On cars, old, new and future; science & technology; vintage airplanes, computer flight simulation of them; Sherlockiana; our English language; travel; and other stuff
IN A SEARCH for elegance in mathematics, look no further than Euler’s Formula, e i π = -1. This equation takes three perhaps obscure mathematical constants, e, i and π, and arranges them to produce a more familiar number, albeit one with negative value.
It’s a conjurer’s trick: Put three mysterious objects into a top hat—and pull out a dove that gracefully flies off.
What’s more, and a fascinating part, Euler’s Formula can be demonstrated to one and all with no more sleight of hand than appealing to a mathematical concept called a Taylor series.
The basics. We do groundwork first, and then a rigorous mathematical proof.
At one time or another, e, i and π have all appeared here at SimanaitisSays. I celebrated π on π-day a year ago, March 14, 2015, at 53 seconds past 9:26 a.m. (i.e, 3/14/15 9:26:53, 3.141592653). Of the three constants, e, i and π, this last is the most familiar, what with the equation C = πD relating a circle’s circumference C to its diameter D.
The imaginary number i got brief mention in “Computing with Quanta.” By definition, it has the curious property that i2 = -1. This sets it apart from non-imaginary numbers, whose squares are always positive (i.e., -2 x -2 = 4).
Numbers of the form a + bi can be graphed in a mathematical object called the complex plane, with the “a” value measured on the horizontal (real) axis and “b” on the vertical (imaginary) axis. Complex numbers have lots of applications, among them in physics, flow dynamics and electrical engineering.
Last, e is the base for natural logarithms, ln, as opposed to the perhaps more familiar common logarithms, log base 10. In both, a logarithm is the inverse operation of exponentiation. Said another way, logarithms are the opposite of powers: By definition, log 10 = 1 since 101 = 10; similarly, log 1000 = 3 is another way of expressing 103 = 1000. And, by definition, ln e = 1 since e1 = e.
Like π, the number e is transcendental. Loosely, there’s no ordinary polynomial equation for which e is a root. One implication of this is that e has an infinite, non-repeating decimal representation. Approximately, e = 2.718. And, as with π, there’s mathematical interest in extending e’s decimal representation; it has been approximated to more than 800 million places already.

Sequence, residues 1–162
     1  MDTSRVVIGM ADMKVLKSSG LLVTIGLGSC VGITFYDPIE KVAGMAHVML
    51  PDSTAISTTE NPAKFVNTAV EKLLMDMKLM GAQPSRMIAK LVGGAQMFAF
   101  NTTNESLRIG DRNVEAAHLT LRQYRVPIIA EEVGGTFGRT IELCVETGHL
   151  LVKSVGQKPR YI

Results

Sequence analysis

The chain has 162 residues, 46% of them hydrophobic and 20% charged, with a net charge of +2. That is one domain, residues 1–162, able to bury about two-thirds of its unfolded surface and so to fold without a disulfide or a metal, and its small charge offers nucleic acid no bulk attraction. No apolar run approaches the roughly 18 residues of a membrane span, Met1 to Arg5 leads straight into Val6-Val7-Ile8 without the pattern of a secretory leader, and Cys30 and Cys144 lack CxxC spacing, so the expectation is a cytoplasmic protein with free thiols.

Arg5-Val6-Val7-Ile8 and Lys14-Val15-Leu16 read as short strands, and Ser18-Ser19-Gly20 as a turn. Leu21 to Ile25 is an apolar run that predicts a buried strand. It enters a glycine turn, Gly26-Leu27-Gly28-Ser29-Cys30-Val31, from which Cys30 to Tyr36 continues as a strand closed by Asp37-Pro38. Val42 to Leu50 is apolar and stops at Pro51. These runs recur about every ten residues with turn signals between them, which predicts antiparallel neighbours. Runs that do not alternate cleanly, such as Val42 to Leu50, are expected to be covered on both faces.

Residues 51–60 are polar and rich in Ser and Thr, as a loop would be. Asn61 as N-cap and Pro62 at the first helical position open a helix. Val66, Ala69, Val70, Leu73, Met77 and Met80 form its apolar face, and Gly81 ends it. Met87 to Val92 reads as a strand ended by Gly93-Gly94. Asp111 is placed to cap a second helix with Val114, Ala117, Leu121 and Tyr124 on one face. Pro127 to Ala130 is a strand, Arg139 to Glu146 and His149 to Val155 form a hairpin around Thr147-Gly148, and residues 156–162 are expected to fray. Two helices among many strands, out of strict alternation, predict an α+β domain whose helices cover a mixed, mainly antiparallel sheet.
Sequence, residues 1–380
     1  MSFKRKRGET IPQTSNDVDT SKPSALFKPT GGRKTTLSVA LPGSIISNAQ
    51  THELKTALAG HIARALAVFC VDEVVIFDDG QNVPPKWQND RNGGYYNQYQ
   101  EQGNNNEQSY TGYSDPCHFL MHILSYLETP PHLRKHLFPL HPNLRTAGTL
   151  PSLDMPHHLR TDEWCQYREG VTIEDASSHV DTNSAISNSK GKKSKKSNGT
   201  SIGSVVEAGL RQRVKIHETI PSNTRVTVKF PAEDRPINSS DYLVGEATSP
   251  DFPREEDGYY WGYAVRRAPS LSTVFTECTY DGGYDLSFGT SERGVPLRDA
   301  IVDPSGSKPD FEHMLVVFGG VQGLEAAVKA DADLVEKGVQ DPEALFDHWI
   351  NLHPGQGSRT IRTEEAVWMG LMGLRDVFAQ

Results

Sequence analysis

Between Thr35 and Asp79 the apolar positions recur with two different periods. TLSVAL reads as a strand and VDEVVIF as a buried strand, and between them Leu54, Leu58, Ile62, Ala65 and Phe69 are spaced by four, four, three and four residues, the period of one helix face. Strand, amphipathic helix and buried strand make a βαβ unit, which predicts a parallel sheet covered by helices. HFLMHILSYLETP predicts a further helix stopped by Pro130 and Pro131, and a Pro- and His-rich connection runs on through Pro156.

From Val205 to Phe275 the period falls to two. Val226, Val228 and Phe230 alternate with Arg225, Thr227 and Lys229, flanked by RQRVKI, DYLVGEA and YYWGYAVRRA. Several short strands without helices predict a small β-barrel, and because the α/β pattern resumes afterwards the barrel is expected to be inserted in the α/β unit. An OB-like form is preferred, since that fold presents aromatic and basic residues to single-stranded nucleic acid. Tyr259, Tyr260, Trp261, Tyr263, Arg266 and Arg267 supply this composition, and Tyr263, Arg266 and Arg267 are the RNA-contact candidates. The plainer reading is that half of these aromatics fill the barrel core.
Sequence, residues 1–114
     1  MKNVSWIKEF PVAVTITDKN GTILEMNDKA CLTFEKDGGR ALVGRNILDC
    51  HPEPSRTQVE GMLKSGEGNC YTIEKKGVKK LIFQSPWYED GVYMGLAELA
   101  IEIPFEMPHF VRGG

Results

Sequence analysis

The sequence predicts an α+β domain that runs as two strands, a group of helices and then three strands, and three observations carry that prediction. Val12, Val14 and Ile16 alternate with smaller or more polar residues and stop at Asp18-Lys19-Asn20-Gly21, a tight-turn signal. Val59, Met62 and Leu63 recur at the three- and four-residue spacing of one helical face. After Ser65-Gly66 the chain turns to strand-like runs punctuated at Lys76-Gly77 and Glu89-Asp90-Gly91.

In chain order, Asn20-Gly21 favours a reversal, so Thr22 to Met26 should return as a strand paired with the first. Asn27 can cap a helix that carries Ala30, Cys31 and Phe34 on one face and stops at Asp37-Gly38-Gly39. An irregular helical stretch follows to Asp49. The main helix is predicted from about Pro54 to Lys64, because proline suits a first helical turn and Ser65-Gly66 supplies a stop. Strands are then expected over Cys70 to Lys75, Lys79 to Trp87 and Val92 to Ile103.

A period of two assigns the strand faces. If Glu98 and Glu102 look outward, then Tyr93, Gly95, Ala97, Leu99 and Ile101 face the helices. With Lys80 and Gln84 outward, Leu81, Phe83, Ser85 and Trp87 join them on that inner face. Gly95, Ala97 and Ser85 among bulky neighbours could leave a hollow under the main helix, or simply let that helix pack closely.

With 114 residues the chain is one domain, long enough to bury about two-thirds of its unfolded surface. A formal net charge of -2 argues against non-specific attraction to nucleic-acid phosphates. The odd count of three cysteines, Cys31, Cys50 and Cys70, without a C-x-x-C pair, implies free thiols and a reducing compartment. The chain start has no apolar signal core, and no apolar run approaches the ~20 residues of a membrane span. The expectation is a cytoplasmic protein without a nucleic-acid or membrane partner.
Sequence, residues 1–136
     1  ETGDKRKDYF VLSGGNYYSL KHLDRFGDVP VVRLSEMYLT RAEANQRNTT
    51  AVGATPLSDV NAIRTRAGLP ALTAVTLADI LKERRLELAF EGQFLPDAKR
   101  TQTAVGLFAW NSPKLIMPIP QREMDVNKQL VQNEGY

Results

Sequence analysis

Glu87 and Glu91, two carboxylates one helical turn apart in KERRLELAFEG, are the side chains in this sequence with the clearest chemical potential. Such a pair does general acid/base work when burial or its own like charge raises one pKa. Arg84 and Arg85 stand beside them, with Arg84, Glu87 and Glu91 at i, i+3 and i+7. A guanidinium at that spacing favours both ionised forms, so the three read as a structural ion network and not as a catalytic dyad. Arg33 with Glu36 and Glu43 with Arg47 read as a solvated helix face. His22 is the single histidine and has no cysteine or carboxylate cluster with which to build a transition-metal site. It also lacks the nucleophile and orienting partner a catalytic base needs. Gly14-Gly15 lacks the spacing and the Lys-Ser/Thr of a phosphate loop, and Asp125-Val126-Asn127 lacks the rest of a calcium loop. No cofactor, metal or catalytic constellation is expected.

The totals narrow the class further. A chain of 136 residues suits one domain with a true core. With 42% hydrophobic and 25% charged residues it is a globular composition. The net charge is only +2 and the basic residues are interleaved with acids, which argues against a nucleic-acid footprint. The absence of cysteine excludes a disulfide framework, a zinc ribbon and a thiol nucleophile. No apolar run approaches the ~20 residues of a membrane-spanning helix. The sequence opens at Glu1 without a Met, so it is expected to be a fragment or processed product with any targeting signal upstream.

In general, logarithmic representations replace multiplication with addition. (See “What’s a slide rule, Grandpa?” for why logarithms are useful; also, how to promote a snake population.)
Taylor series. The number e can be approximated closer and closer by calculating more and more terms of a particular infinite series, one of a family of mathematic objects known as Taylor series.
Taylor gets the name, but James Gregory deserves credit as well. Gregory was a Scottish mathematician, a contemporary of Isaac Newton. Newton shares credit with German Gottfried Wilhelm Leibnitz for development of calculus, the mathematics of change.
It was Gregory who gave the first published proof of the Fundamental Theorem of Calculus connecting its two basic concepts, the slope of a curve and the area under it. He also used these fledgling calculus techniques to show that several mathematical expressions could be represented by infinite sums of terms.
Roughly a generation later in 1715, English mathematician Brook Taylor extended this concept of infinite sums, known today as Taylor series. Here are Taylor series expressions for three mathematical functions, ex and, two from trigonometry, sin x and cos x.
Apart from evens, odds and signs, don’t these three look provocatively similar?
Euler’s Formula. Euler (pronounced “oiler,” as in ë) has made several appearances at SimanaitisSays. He was the star of “Networking Along Königsberg’s Seven Bridges.” I also like his portrait as it appears on the Swiss 10-franc note.
After all this setup, the proof of Euler’s Formula is almost an afterthought. Recall that i2 = -1. Thus, even powers of i are all either -1 or 1. For instance, i x i x i x i = i2 x i2 = -1 x -1 = 1. Similarly, odd powers of i alternate between -i and i.
Hence (you see my hands never leave my wrists…), the Taylor series for e ix is the same as that for cos x + i sin x.
Plug in π for x and we get e iπ = cos π + i sin π.
From trigonometry (or from any but the most basic calculator), cos π = -1 and sin π = 0. And thus, e iπ = -1.
Q.E.D. Latin for quod erat demonstrandum, that which was to be demonstrated. Our proof is completed.
What use is Euler’s Formula?
What use is Botticelli’s The Birth of Venus? Its existence is justification enough. ds
© Dennis Simanaitis, SimanaitisSays.com, 2016r